WASHINGTON – The Canadiens deserved to leave the District of Columbia with two points on Friday night, but a desperate Washington Capitals squad had other ideas and ultimately came out on top.
Losers of four straight games heading into their second tilt against the Habs in seven days, Adam Oates’ squad overcame a one-goal deficit late in the third period at the Verizon Center before besting the Canadiens 3-2 in a shootout. The loss snapped the Habs’ four-game winning streak. Nevertheless, Michel Therrien’s troops remain unbeaten in regulation time in five consecutive tilts, and have racked up nine out of a possible ten points during that span.
“I liked the way that we played. Even in the third period, we didn’t stay back. We tried to make good things happen,” offered Therrien, who watched as Mikhail Grabovski scored the game-tying goal at the 14:28 mark of the final frame to send the game to extra time. “Things like this happen. We deserved to come out of here with two points. We have to re-group and get ready for the game against Toronto.”
Like his head coach, goaltender Peter Budaj insists that the Canadiens were the better team for the majority of the game, setting the tone in the opening period by outshooting the Capitals by a 13-4 margin and heading to the locker room up 1-0 on Daniel Briere’s fifth goal of the season. Despite the fact that Capitals forward Eric Fehr leveled the scoreline at the 5:17 mark of the second period, Tomas Plekanec struck right back, staking the Canadiens to a 2-1 lead just 67 seconds later. Budaj believes the Habs were controlling their opposition handily, but mistakes cost them the extra point.
“I don’t want to take anything away from Washington. We had 37 shots. They had 26. We took it to them,” offered Budaj. “They stuck with it and they got a lucky goal. The first one was a case of miscommunication and it ended up in the net. The other one was a quick shot and it got through me. It’s disappointing.”
Disappointing as the loss might have been, Budaj is adamant that the Canadiens never let up against the likes of Alex Ovechkin, Nicklas Backstrom and the bevy of offensive weapons in the Capitals lineup. From his vantage point, the Habs offered up a 65 minute effort against a team that was doing everything possible to get the proverbial monkey off its back after a tough stretch of losses.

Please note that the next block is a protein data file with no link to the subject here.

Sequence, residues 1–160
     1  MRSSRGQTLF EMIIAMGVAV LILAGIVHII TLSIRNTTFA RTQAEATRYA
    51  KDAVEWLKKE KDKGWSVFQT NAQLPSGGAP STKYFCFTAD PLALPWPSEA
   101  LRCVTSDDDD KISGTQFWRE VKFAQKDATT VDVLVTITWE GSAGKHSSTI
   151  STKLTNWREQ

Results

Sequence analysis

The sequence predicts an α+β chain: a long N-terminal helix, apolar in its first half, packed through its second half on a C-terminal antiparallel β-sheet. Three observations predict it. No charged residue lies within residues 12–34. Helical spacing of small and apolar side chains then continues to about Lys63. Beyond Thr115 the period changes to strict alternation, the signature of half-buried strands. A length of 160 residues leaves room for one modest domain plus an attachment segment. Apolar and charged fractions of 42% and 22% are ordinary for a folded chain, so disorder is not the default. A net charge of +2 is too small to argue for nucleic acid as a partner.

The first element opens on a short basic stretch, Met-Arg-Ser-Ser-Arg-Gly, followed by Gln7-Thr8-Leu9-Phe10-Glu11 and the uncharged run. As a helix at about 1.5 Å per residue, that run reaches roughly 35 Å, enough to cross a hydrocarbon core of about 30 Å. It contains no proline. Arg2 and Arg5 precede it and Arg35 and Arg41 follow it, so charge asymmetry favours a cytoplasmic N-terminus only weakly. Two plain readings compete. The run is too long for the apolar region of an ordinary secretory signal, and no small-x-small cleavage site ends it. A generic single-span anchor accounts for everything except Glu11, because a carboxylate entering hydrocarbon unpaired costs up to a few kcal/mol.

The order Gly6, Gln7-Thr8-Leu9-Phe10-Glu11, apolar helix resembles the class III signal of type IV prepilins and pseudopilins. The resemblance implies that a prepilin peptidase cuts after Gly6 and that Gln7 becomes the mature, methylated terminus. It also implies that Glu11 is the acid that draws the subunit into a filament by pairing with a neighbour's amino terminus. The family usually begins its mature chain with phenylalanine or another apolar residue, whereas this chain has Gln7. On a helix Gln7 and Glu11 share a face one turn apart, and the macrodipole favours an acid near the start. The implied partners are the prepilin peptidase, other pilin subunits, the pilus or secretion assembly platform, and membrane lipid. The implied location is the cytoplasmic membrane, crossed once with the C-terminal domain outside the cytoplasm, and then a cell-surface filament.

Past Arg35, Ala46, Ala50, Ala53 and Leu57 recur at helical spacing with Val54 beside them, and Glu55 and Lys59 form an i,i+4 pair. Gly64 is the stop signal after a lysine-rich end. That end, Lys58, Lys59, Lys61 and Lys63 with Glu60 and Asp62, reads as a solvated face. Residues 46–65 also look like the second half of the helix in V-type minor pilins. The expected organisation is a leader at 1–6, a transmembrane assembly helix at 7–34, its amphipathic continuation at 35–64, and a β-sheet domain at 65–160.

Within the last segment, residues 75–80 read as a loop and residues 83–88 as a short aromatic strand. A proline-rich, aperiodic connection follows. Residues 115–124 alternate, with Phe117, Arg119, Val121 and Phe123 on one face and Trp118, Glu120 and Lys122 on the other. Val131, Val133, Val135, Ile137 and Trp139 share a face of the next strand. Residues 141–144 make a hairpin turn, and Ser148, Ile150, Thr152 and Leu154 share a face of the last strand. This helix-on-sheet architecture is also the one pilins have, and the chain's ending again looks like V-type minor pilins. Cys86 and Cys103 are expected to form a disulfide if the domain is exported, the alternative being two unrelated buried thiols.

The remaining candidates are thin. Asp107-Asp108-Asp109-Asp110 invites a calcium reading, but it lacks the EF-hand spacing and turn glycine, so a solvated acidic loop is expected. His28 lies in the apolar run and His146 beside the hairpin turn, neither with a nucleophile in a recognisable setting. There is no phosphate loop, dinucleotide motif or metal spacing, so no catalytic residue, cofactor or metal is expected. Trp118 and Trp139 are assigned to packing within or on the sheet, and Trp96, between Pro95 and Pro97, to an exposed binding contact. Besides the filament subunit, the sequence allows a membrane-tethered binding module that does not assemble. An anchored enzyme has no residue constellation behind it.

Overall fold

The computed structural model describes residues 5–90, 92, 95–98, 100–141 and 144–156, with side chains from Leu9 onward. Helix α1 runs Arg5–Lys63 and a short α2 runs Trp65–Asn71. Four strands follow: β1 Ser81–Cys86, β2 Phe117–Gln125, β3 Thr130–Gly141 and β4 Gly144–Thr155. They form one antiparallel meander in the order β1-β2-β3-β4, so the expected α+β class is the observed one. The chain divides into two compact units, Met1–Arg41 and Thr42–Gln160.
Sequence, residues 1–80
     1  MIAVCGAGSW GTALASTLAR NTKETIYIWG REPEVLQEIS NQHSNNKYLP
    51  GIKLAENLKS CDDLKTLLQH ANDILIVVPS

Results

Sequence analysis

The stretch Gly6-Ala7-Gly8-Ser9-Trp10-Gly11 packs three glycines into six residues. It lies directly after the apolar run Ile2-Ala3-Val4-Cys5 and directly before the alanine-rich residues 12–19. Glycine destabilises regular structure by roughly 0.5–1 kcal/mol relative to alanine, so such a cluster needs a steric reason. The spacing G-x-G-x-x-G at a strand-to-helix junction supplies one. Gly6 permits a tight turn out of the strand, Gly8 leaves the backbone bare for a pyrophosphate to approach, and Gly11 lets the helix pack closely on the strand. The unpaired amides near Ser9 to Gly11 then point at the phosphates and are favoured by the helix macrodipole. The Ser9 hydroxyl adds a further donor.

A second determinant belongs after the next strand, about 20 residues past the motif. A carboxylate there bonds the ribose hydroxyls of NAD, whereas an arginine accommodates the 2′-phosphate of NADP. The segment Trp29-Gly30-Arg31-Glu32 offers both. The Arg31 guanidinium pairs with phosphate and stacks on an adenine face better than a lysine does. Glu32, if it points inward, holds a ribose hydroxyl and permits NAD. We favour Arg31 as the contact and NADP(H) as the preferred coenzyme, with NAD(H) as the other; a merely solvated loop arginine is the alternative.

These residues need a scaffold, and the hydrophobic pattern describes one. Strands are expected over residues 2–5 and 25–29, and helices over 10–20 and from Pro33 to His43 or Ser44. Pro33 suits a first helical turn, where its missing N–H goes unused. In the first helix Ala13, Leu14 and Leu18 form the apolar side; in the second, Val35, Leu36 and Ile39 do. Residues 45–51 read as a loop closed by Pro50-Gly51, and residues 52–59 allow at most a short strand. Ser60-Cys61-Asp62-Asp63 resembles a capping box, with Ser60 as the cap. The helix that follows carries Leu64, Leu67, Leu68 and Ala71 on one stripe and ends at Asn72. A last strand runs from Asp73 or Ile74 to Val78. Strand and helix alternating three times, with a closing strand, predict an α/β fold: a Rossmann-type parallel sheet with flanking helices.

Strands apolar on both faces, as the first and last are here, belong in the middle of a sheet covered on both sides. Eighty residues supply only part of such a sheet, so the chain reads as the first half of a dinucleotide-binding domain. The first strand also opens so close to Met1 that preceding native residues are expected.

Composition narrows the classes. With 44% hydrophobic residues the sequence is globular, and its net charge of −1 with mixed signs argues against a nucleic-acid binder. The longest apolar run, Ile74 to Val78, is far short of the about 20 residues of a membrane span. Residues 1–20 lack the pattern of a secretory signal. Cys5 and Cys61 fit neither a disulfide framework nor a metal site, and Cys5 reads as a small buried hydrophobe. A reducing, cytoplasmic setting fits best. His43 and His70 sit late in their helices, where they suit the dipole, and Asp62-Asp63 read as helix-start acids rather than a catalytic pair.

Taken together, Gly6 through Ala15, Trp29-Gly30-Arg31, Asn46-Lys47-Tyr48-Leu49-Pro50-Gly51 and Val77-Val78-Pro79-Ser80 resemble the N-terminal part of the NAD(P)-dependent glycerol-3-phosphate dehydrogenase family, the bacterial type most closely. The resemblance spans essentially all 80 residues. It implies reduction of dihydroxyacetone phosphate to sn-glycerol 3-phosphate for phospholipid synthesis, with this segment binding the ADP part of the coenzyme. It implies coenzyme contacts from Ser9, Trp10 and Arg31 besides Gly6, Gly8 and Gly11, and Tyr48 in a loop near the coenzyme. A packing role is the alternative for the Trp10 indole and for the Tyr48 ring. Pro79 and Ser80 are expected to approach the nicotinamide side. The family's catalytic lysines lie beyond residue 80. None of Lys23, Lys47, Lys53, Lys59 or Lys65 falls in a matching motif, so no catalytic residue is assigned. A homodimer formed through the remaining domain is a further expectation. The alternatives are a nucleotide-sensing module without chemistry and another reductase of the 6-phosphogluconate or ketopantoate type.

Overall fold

“I think we had some good chances [after taking the lead]. We were still playing and trying to force things, trying to work hard and trying to keep them on their heels,” underlined Budaj, who was supported offensively by the line of Briere, Plekanec and Brian Gionta as the trio combined to generate two goals and five points on the night. “We battled hard. They’re a skilled team, and they made the most of their chances.”
Both teams, however, made the most of their respective opportunities in the shootout. Lars Eller and David Desharnais each beat Capitals goaltender Braden Holtby with highlight-reel markers, but Grabovski broke a 2-2 tie to lift the Capitals to the win. It was the eighth time this season that Washington was involved in a game that was decided in a shootout, and the sixth time that they’d emerged victorious.
“I don’t think that they had an edge because they’ve played in a lot of shootouts,” mentioned Therrien. “We still managed to score two goals. Usually, that puts us in good position to win a shootout. But, you can’t forget that they have a lot of talented players. In situations like that, it’s often the individual efforts that decide things.”
On this night, the Canadiens might have come up short on the scoresheet, but to a man, the effort was certainly there. The focus now is on giving the Maple Leafs all they can handle when they visit the Bell Centre come Saturday night.
Matt Cudzinowski is a writer for canadiens.com.
The Numbers Game – November 29, 2013
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